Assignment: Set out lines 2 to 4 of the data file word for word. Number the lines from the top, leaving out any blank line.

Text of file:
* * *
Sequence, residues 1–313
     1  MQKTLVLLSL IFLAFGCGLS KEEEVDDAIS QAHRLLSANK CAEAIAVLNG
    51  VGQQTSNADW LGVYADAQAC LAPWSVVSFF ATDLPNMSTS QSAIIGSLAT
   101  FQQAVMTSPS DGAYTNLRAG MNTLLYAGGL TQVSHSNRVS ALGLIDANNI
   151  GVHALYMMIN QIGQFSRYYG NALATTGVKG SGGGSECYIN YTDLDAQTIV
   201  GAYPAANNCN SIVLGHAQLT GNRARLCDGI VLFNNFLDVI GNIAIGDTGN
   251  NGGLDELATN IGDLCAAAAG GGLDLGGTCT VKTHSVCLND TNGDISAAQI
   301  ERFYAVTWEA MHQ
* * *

     1  MQKTLVLLSL IFLAFGCGLS KEEEVDDAIS QAHRLLSANK CAEAIAVLNG
    51  VGQQTSNADW LGVYADAQAC LAPWSVVSFF ATDLPNMSTS QSAIIGSLAT
   101  FQQAVMTSPS DGAYTNLRAG MNTLLYAGGL TQVSHSNRVS ALGLIDANNI